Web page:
Baltimore gears up to enjoy Star-Spangled Banner’s 200th anniversary

Daily News Article   —   Posted on September 10, 2014

Flag that flew over Fort McHenry during its bombardment in 1814, which was witnessed by Francis Scott Key. The flag was kept by the family of Major Armistead, the commander of the fort, until being donated to the Smithsonian in 1912.

“The Star-Spangled Banner” is the national anthem of the United States. The lyrics come from “Defense of Fort McHenry”, a poem written in 1814 by the 35-year-old lawyer and amateur poet Francis Scott Key after witnessing the bombardment of Fort McHenry by British ships of the Royal Navy in the Chesapeake Bay during the Battle of Fort McHenry in the War of 1812.

(PennLive, The Patriot-News) – Baltimore is set to celebrate the 200th anniversary of Francis Scott Key’s penning of “The Star-Spangled Banner” in events this week.

Jotted on the back of a letter by Key as he sat in the midst of a 25-hour British bombardment of Fort McHenry in 1814, the poem captured what 50,000 terrified Baltimoreans felt as they watched from Federal Hill and city rooftops.


Francis Scott Key

They feared the British would overtake the fort and burn their city as had happened three weeks earlier in Washington, D.C.

But as an enormous flag was hoisted over Fort McHenry early the morning of September 14, 1814, and the Brits prepared to depart, everyone sighed with relief.

Key’s four-verse poem was printed as a leaflet and widely circulated. But didn’t become our national anthem until 1931, 117 years after it was written.

From September 10-16, Baltimore will hold events to celebrate the bicentennial as more than 30 tall ships and naval vessels sail into the harbor, as the Navy’s Blue Angels soar overhead, as concerts, military bands, cannon firings, festivals and more than 1 million visitors fill the town for a Star Spangled Spectacular.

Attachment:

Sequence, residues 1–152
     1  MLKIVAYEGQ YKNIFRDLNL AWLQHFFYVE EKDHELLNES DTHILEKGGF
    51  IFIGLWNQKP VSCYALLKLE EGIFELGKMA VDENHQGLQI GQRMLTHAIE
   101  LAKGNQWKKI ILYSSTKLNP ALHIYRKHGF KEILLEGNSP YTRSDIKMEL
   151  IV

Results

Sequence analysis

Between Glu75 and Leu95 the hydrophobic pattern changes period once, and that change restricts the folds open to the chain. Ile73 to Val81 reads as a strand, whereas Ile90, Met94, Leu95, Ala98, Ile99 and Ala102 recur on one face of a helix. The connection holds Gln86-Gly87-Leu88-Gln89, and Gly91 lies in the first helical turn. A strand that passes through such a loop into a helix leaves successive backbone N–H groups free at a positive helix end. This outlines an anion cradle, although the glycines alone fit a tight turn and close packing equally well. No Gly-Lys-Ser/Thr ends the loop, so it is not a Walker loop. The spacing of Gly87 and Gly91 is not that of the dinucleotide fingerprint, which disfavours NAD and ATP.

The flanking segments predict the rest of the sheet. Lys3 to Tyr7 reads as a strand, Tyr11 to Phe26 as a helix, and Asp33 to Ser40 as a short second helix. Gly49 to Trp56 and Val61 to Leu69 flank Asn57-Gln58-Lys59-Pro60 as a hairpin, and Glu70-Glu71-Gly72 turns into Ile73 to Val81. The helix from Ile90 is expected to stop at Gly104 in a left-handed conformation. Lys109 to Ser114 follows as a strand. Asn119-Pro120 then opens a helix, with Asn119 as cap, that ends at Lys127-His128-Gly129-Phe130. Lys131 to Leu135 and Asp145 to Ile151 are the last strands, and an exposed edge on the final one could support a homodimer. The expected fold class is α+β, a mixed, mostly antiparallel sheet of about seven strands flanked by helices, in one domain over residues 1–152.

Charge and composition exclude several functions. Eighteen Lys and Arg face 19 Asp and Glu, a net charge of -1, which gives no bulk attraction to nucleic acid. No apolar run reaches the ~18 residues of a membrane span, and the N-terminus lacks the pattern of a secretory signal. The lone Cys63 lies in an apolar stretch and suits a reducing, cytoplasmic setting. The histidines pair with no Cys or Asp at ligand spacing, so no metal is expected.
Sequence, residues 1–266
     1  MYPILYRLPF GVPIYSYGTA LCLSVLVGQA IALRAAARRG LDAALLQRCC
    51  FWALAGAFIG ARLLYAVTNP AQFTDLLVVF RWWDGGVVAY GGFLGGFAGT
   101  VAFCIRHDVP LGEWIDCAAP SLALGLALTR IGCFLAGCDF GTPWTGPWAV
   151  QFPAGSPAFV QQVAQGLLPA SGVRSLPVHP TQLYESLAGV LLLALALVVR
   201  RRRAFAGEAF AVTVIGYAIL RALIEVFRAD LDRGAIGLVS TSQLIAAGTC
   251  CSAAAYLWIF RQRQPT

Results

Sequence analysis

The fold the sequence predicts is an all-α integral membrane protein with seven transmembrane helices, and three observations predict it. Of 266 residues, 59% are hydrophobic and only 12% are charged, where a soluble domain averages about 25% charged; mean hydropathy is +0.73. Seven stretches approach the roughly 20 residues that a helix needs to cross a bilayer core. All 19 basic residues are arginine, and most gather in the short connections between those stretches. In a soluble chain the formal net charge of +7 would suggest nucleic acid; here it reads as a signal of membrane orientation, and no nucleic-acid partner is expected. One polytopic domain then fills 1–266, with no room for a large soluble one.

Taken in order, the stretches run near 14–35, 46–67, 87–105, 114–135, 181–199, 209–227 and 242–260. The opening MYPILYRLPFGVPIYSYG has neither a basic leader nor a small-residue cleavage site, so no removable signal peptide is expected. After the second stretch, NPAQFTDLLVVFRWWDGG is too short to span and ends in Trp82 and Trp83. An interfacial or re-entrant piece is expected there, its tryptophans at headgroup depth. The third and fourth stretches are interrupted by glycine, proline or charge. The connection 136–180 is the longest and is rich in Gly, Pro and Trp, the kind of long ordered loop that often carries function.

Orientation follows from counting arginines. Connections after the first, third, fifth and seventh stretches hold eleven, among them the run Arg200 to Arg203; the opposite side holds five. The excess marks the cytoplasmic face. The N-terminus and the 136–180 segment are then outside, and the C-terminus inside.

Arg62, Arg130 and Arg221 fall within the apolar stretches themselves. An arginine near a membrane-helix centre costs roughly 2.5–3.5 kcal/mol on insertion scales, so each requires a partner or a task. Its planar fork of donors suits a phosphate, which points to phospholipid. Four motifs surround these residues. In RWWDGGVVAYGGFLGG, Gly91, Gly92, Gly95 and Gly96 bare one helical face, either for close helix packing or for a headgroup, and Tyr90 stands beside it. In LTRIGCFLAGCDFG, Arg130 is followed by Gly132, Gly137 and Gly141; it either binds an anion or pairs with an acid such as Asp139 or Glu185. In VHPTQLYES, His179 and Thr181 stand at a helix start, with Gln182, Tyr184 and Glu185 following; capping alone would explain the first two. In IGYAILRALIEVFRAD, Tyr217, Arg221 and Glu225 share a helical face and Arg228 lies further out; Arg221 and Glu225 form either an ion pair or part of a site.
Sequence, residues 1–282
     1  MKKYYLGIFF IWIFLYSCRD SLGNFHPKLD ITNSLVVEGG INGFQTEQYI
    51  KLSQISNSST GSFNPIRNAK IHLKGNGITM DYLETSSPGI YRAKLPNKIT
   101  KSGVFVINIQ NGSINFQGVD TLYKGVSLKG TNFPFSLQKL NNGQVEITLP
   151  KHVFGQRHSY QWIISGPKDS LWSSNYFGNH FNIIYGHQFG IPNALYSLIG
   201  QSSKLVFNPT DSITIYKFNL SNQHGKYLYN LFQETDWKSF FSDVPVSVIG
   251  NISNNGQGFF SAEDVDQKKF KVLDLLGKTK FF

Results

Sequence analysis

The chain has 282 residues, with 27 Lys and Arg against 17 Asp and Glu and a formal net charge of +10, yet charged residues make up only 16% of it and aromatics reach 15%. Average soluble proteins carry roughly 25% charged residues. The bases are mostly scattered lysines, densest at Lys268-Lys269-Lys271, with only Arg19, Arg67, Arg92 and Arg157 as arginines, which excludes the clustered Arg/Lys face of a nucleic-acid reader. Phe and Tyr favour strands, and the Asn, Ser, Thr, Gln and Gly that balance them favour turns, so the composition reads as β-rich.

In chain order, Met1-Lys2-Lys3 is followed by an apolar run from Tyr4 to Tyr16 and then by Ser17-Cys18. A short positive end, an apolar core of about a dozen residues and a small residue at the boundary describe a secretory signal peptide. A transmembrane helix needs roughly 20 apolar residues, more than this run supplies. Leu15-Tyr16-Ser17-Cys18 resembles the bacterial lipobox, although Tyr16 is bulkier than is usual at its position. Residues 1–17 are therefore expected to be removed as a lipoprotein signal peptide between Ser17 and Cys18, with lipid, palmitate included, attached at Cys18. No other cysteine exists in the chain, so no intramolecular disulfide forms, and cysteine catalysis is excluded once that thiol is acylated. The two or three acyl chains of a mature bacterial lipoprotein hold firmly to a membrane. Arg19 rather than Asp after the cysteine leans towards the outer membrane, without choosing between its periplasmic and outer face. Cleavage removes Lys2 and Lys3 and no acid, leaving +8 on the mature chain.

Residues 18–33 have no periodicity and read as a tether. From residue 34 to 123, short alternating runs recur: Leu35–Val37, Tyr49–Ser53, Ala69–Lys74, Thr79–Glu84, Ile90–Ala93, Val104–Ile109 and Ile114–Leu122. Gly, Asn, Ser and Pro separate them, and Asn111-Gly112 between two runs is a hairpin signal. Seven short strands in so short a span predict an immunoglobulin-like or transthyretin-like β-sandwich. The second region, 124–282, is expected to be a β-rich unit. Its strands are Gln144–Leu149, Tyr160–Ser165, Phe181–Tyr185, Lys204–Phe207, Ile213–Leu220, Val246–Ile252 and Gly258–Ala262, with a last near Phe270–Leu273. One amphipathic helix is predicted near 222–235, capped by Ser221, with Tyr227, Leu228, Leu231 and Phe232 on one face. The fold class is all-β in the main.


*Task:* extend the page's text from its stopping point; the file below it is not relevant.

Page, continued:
The celebration will be capped off by a spectacular display of pyrotechnic fireworks on September 13 by the Grucci family. The show will be launched from six barges stretching three miles from the Inner Harbor to Fort McHenry.

Fort McHenry a focus

Although events will take place all over the city, all eyes will be on the Fort McHenry National Monument where special events and presentations are planned each day from September 9-16.


Fort McHenry National Monument

A complete rundown of those activities is available on a special web site. (See “Background” below the questions.)

For example, on Tuesday, September 9, 7000 red, white and blue-clad school students from every county in Maryland formed the largest living flag ever created. (Video available shortly at:

Today more than 30 naval vessels and tall ships from seven countries will sail past the fort on their way to the Inner Harbor where they’ll dock so you can tour them.

Over the weekend of September 13-14, admission to the fort will be free. It will come alive with soldiers, sailors and citizens from 1814. There will be campfires, women in long skirts boiling clothes in copper kettles over hot fires, fifes and drums, food, and children’s activities.

Three of the fort’s cannons will be shot off during the weekend celebration. “One gun is deafening,” said Ranger Jim Bailey. “The fort had 60 guns in 1814.”

Visitors can help raise the flag on a flagpole located in the same spot as it was during the battle. The flag has been flying there continuously since 1948 when President Truman ordered that it be flown, 24/7, over Fort McHenry.

On Saturday and Sunday afternoons there will be air shows from 2-4 p.m. featuring the Navy’s Blue Angels flight demonstration squadron. Military bands will play, the Fort McHenry Guard will perform, elected officials will speak and then the fireworks.

Also on the night of September 13 a two-hour ticketed concert will be held at the city’s Pier Six Pavilion. Hosted by actor, musician and author John Lithgow and co-hosted by platinum recording artist and actress Jordin Sparks, it will be broadcast live on PBS’s Great Performances.

Reprinted here for educational purposes only. May not be reproduced on other websites without permission from PennLive (The Patriot-News. Visit the website at


For a brief history of the writing of the Star Spangled Banner, go to:

For all information on the 200th anniversary of the Star Spangled Banner, go to

Read a brief history of the war of 1812 at: and at wikipedia.

Visit c-span for video of the anniversary events.